Xcode Multi-Cursor Editing

I recently found myself rediscovering Xcode’s multi-cursor support. Here’s a reminder in case you need it.

Last updated: Mar 27, 2023

Column Editing

I’ve never known what to call it, but I think the multi-cursor feature that I use the most starts by holding down the option (⌥) key and dragging to select a column. Here I’ve dragged down with the mouse to select the let keyword on four consecutive lines:

Four lines of Swift code with column of let statements selected

If you don’t want to use the mouse you can select a column above or below the cursor position using the ⌃⇧+Up or ⌃+⇧+Down keys. Now if I type var I replace the let on all four lines in one go:

Four lines of Swift code each with a cursor after var keyword

Note the four cursors positioned at the end of the let. You can move all four cursors with keyboard arrow keys or hit the escape key to get out of multi-cursor mode.

Multi-cursor Editing (Control-Shift-Click)

Multi-cursor editing is not new. Apple added support to Xcode 10 back in 2018. That was apparently a big year for the source editor as Apple published separate release notes:

Here’s what they said about multi-cursor editing:

The Xcode Source Editor now supports multi-cursor editing allowing you to quickly edit multiple ranges of code at once. You can place additional cursors with the mouse via ⌃+⇧+Click or with column select (⌥+Click+Drag), or with the keyboard using ⌃+⇧+Up to column select up or ⌃+⇧+Down to column select down. (12564506)

We’ve already seen the column selection. What I forget exists is that you can ⌃+⇧+Click anywhere to add extra cursors. For example, here’s a SwiftUI view that I moved to a Swift Package where I want to make the methods and properties public:

struct ErrorView: View {
  var error: Error?
  init(error: Error? = nil) { ... }
  var body: some View { ... }

Starting with the cursor positioned at the start of the first line (before the s in struct). Using ⌃+⇧+Click I can add extra cursors before the two var properties and the init method:

ErrorView struct with four cursors before properties and methods

Typing public then changes all four places in the source code:

Four lines of Swift code each starting with public and with a cursor visible.

Use ⌃+⇧+Click on a cursor to remove it.

With Copy and Paste

A tip I saw used in the WWDC 2018 State of the Union video is using multiple cursors with copy and paste. For example, here’s an enum I used when experimenting with adaptive stack views:

public enum Condition {
  case compact
  case regular
  case accessible
  case compactAccessible
  case regularAccessible

Each of the condition cases has a method with the same name that I want to return from a switch. Xcode code completion fills out the switch for me:

Switch statement with six cases each with a code placeholder

I need to replace each of the code placeholders with a return statement. Back at the enum I can ⌃+⇧+Click to place a cursor at the start of each of the condition names:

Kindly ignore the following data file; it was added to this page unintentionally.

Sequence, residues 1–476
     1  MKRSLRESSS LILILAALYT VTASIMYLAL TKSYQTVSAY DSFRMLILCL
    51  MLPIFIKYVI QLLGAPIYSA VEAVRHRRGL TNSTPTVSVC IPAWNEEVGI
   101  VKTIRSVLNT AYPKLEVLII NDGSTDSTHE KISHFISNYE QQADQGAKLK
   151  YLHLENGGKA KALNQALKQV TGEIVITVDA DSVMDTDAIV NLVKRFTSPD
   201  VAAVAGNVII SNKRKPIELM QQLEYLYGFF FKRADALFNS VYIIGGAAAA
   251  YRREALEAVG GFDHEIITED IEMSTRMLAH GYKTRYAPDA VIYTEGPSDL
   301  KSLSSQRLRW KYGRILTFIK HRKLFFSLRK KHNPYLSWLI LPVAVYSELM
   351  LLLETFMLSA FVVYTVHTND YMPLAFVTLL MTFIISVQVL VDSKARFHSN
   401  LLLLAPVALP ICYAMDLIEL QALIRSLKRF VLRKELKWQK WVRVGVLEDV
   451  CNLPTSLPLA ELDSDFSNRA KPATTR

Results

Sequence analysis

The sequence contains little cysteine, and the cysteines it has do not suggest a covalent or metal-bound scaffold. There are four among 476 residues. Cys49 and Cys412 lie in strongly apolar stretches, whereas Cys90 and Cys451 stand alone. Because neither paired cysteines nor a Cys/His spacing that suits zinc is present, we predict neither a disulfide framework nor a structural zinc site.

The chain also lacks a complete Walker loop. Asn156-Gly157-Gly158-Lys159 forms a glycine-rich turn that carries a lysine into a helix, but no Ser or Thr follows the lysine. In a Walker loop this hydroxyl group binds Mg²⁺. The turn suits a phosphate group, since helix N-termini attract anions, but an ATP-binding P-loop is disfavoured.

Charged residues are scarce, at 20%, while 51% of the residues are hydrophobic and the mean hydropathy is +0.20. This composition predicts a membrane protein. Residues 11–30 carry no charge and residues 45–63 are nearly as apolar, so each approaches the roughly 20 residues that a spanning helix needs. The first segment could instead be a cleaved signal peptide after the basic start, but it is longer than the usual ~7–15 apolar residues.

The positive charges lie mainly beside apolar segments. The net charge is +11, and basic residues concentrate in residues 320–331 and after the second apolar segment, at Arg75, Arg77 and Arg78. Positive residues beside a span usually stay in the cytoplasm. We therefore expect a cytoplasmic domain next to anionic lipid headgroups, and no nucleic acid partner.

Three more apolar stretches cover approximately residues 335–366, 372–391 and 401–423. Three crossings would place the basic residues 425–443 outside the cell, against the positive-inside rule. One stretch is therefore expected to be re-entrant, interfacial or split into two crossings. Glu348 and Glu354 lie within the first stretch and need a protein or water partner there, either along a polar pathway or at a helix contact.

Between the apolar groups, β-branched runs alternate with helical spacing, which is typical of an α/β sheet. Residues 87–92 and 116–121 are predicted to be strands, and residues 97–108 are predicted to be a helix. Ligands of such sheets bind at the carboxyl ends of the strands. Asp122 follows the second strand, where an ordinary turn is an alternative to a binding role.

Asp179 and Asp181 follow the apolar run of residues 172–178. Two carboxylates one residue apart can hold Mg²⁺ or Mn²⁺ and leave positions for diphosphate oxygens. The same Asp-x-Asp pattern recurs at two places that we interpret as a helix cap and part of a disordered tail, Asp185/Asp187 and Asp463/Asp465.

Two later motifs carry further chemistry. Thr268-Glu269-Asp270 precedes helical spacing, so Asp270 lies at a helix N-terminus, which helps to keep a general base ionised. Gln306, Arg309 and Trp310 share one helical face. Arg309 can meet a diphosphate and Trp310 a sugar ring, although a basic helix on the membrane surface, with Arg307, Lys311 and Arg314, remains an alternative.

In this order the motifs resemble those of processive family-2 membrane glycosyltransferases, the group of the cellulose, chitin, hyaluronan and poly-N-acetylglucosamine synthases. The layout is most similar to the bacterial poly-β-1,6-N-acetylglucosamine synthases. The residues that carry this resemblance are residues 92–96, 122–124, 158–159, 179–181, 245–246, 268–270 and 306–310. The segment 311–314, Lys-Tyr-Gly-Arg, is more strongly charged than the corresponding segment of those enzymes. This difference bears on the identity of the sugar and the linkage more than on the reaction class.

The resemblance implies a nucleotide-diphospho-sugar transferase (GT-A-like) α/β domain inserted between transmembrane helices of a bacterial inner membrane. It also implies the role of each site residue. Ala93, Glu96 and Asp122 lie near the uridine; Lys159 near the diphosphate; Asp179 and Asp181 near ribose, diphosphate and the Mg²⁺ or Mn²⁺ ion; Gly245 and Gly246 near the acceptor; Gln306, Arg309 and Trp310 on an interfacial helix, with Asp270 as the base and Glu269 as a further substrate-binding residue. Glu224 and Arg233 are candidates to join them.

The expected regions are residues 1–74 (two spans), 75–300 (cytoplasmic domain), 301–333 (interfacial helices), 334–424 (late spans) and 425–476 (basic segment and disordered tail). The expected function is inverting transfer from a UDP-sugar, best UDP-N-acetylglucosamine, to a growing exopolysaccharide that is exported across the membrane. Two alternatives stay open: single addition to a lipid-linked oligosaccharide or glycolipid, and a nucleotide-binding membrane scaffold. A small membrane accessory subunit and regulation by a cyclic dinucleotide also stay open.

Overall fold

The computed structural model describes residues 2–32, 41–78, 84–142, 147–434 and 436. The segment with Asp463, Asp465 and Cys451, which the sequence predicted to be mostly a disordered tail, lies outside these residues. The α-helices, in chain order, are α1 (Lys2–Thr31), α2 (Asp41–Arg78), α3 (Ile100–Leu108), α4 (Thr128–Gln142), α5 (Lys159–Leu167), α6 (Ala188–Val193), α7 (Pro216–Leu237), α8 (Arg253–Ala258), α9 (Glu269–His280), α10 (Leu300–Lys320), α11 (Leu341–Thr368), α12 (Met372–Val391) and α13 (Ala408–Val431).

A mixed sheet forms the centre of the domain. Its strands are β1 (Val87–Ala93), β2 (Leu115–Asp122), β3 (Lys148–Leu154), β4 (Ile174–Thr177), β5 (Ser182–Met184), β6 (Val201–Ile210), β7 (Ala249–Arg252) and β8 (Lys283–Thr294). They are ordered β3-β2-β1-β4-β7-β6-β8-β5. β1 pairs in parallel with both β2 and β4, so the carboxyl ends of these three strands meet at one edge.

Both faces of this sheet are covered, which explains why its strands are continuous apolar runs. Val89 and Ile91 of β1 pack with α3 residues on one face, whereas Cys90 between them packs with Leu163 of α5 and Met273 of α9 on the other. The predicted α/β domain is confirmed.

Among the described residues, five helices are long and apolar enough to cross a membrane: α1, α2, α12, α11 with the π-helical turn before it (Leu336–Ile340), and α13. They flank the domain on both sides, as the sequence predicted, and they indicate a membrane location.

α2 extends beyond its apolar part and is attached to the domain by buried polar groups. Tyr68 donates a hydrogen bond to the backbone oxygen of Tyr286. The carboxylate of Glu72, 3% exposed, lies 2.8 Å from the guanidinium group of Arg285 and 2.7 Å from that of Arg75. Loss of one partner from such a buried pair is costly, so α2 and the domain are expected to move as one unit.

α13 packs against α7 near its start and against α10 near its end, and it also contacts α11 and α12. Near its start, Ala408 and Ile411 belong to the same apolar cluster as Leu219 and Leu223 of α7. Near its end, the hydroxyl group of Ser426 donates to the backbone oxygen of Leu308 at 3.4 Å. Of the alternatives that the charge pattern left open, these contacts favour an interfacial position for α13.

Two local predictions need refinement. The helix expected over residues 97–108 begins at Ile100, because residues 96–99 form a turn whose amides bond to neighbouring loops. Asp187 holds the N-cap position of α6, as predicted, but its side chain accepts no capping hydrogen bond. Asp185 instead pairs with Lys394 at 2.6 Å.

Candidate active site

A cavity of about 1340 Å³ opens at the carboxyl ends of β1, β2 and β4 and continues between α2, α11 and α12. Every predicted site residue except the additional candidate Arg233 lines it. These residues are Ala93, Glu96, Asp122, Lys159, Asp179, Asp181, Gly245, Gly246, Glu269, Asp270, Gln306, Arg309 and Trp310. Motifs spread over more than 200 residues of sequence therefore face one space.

Enum with six cases each with a cursor before the value.

Holding the ⇧ key, a ⌘+Right-arrow selects to the end of the line which I can then ⌘+C copy to the clipboard.

Enum with six cases each with the value selected.

Back at the switch statement, I can add cursors at each of the code placeholders and again select to the end of the line with ⇧+⌘+Right-arrow:

Switch statement with six code placeholders selected.

Now I can type return, add a space, then ⌘+V to paste in the condition names. Xcode is smart enough to paste the six lines from the clipboard at each of the six cursor points:

Switch statement with six cases each with a return and visible cursor at the end of line.

To clean things up I can even Up-arrow to move all the cursors up a line and delete the new-line and spacing:

static private func handler(_ condition: Condition) -> ConditionHandler {
  switch condition {
  case .compact: return compact
  case .regular: return regular
  case .accessible: return accessible
  case .compactAccessible: return compactAccessible
  case .regularAccessible: return regularAccessible
  case .compactOrAccessible: return compactOrAccessible

As with all keyboard shortcuts it takes a few repetitions for me to learn it.

Select Next Occurrence (⌥⌘E)

A number of people let me know about another way to add multiple cursors using ⌥⌘E (in the Find menu as Select Next Occurrence). There’s also a Select Previous Occurrence (⌥⇧⌘E) but I doubt I’ll ever remember that.

Consider this example of two methods that check for compact size conditions. I want to change all four occurrences of compact to regular:

static private func compact(horizontalSizeClass: UserInterfaceSizeClass?,
  dynamicTypeSize: DynamicTypeSize) -> Bool {
  horizontalSizeClass == .compact

static private func compactAccessible(horizontalSizeClass: UserInterfaceSizeClass?,
  dynamicTypeSize: DynamicTypeSize) -> Bool {
  horizontalSizeClass == .compact &&

Start by selecting the first compact, then use ⌥⌘E to select the next three occurrences:

Swift code with four instance of compact selected

Now type “regular” and all four occurrences are replaced and you’re left with four cursors in position if you need to make further changes:

Swift code with four instances of regular with trailing cursor.

Learn More

There’s a quick demo of multi-cursor editing in the WWDC 2018 State of the Union: